"Unwatchable" say some;
"Enjoyable" say others. Pursuit to Algiers is not a favorite
among Sherlock Holmes fans. David Stuart Davies writes, "Pursuit to
Algiers showed a decided decline in inventiveness and proved to be the
weakest of the series." (Holmes of the Movies, New
York: Bramhall House, 1968, p. 92) However, even the weakest
film in a good series can be good entertainment. I find Pursuit to
Algiers very enjoyable.
Holmes' and Watson's plans to hunt grouse in Scotland are derailed when
mysterious men in dark alleys give them clues which eventually lead them
to representatives from the kingdom of Rovenia. The Prime Minister
explains that King Stefan has been assassinated, and now his son Nikolas
(who is in England) is in danger. He implores Holmes to escort His Majesty
King Nikolas back to his homeland. Holmes promises to do his utmost to make
sure that the young king reaches Rovenia in safety.
Holmes and the king plan to fly to Rovenia in a small plane. The prime minister says
there is no room on the plane for Watson, so Watson plans to go by ship
and meet Holmes in Rovenia. Watson sails on the S.S. Friesland, a Swedish African
ship, which also happens to be the subject of a Sherlock Holmes radio
play, broadcast on November 8, 1943, "The Shocking Affair of the S.S.
Friesland." Everyone on the ship is a red herring in this story, looking
and acting suspiciously: Sanford the steward, Miss
Woodbury the singer, two men who whisper conspiratorially, and Miss Agatha Dunham, an
annoying spinster with a
gun in her handbag.
Watch the trailer for Pursuit to Algiers:
Watson reads on the bulletin board that a small grey plane crashed over
the Pyrenees and the occupants are assumed killed. Horrified, he believes
that Holmes has been killed. But it turns out that Holmes and the young
king have been hiding in a cabin on board the ship. Holmes suspected that
the plane would be shot down, so he made arrangements to secretly board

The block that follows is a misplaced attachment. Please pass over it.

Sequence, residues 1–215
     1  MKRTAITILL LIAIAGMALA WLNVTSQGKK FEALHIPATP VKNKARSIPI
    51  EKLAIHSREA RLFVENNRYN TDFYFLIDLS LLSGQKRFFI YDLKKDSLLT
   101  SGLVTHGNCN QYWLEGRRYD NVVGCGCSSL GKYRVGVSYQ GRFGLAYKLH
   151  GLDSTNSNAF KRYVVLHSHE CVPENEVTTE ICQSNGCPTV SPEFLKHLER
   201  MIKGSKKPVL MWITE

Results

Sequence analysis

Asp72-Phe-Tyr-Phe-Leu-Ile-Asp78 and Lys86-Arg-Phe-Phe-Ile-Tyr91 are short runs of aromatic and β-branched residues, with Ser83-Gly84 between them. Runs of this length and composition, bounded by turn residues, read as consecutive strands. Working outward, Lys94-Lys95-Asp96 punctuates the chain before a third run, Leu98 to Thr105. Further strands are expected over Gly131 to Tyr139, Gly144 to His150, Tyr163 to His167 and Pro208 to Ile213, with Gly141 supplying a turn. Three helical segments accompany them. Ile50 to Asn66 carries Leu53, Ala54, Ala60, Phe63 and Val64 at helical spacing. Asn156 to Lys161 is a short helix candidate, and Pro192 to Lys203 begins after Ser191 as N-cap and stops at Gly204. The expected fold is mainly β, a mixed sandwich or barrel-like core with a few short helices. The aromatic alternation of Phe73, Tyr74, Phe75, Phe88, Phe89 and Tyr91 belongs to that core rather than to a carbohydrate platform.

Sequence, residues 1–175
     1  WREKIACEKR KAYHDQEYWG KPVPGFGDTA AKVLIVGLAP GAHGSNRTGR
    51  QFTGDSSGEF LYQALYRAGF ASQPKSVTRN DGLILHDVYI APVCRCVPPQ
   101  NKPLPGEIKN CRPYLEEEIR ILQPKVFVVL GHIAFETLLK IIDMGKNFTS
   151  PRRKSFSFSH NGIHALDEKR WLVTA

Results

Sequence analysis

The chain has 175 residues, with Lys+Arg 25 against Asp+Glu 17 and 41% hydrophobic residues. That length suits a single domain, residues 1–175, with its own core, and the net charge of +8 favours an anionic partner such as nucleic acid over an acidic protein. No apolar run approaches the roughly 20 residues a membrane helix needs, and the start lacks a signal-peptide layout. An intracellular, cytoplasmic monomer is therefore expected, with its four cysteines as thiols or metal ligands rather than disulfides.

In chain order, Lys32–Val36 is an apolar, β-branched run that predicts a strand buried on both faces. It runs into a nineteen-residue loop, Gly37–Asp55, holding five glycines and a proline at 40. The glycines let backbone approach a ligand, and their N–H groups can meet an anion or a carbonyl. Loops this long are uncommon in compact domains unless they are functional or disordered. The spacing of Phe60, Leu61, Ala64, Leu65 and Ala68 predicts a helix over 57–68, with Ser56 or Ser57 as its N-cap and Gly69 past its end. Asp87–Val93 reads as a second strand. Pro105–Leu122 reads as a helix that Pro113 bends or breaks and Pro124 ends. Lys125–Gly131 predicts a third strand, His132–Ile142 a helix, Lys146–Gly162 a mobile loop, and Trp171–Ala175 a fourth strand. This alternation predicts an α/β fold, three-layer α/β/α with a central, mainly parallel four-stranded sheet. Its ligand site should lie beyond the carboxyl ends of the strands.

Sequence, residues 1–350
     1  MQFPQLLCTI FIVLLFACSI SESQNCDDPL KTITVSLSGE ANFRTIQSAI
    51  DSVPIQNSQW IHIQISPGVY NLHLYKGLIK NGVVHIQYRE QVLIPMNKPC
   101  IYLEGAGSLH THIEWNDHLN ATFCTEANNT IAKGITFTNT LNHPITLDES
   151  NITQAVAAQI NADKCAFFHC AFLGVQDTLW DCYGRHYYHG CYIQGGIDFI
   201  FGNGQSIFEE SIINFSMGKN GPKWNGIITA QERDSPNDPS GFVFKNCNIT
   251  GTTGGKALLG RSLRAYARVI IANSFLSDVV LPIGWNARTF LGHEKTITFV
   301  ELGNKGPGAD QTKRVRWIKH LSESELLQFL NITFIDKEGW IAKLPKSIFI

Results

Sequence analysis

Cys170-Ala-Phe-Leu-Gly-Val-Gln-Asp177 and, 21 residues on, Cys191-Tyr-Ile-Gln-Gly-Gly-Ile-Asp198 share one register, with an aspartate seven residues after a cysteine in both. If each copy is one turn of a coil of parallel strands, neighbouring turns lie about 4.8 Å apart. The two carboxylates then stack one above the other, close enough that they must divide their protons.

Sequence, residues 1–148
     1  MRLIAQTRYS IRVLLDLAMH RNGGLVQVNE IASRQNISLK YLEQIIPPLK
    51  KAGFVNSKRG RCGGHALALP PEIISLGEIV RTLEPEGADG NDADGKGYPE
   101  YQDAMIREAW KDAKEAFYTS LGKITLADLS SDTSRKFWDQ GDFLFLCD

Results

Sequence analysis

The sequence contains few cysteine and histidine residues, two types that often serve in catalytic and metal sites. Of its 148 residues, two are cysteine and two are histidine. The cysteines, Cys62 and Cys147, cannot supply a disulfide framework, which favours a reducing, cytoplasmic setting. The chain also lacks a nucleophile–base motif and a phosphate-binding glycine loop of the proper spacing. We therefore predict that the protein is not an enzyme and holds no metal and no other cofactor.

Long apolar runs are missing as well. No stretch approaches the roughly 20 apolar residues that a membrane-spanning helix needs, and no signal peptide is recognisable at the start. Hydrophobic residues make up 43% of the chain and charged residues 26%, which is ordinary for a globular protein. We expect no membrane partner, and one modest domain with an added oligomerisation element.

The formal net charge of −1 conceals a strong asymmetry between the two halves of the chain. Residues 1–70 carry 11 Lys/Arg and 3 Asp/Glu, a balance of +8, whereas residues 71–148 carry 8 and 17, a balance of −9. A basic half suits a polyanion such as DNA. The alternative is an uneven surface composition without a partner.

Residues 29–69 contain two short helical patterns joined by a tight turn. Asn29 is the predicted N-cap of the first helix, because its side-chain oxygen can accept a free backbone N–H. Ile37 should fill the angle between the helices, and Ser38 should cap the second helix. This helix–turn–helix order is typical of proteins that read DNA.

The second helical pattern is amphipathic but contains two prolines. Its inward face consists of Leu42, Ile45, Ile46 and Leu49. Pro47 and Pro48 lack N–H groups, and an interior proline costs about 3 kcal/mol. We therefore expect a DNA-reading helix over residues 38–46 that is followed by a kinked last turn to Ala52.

the ship with the king. He now asks King Nikolas to pose as Watson's
In the lounge, when Sherlock Holmes is introduced to Miss Woodbury, she looks shocked, and leaves
without explanation. Holmes quips: "Really, Watson. I've never thought of myself as handsome, but that's
the first time a woman has run away at the sight of me."
Three sinister-looking men come aboard the ship at an unscheduled stop
in Lisbon: Gregor, Gubec and Mirko. Mirko looks familiar to Holmes, but
Holmes can't place him. It becomes clear to viewers that these three
men are on a mission to kidnap the young king, and they are willing to
kill Holmes in order to accomplish that objective. That evening Mirko
attempts to kill Holmes by throwing a knife through the porthole of
Holmes' cabin, but the knife
hits an empty pillow and Holmes slams the porthole cover down on Mirko's wrist.
"How unfortunate, Mr. Mirko," remarks Holmes. "These porthole covers are
notoriously treacherous. I am afraid you've broken your wrist. You
shouldn't have played shuffleboard today, you know. When I saw that
skillful hand and that unerringly accurate eye of yours, I remembered the
Circus Medlano in Paris and your amazing exhibition of knife throwing.
Now that we know the other passengers are no threat to the young king,
Holmes effortlessly solves the mysteries of their suspicious behavior. He
says it's not unusual for a woman traveling alone—in this case, Miss Agatha Dunham—to carry a gun. The two conspiratorial men are